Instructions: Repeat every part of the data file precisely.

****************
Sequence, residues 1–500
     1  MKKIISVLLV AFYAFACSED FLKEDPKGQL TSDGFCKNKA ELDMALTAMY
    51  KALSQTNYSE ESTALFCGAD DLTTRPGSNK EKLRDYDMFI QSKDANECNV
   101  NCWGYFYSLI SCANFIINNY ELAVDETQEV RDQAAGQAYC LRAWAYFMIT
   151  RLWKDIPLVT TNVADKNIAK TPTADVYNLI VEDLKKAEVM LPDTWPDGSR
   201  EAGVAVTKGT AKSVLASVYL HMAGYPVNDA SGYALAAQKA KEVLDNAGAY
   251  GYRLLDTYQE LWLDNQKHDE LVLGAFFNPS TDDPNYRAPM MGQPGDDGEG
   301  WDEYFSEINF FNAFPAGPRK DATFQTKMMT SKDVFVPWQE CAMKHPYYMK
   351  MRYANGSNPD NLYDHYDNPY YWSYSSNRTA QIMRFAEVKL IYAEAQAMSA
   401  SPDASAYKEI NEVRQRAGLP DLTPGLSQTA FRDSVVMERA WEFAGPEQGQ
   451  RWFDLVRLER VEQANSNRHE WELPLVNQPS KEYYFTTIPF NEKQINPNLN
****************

Sequence, residues 1–500
     1  MKKIISVLLV AFYAFACSED FLKEDPKGQL TSDGFCKNKA ELDMALTAMY
    51  KALSQTNYSE ESTALFCGAD DLTTRPGSNK EKLRDYDMFI QSKDANECNV
   101  NCWGYFYSLI SCANFIINNY ELAVDETQEV RDQAAGQAYC LRAWAYFMIT
   151  RLWKDIPLVT TNVADKNIAK TPTADVYNLI VEDLKKAEVM LPDTWPDGSR
   201  EAGVAVTKGT AKSVLASVYL HMAGYPVNDA SGYALAAQKA KEVLDNAGAY
   251  GYRLLDTYQE LWLDNQKHDE LVLGAFFNPS TDDPNYRAPM MGQPGDDGEG
   301  WDEYFSEINF FNAFPAGPRK DATFQTKMMT SKDVFVPWQE CAMKHPYYMK
   351  MRYANGSNPD NLYDHYDNPY YWSYSSNRTA QIMRFAEVKL IYAEAQAMSA
   401  SPDASAYKEI NEVRQRAGLP DLTPGLSQTA FRDSVVMERA WEFAGPEQGQ
   451  RWFDLVRLER VEQANSNRHE WELPLVNQPS KEYYFTTIPF NEKQINPNLN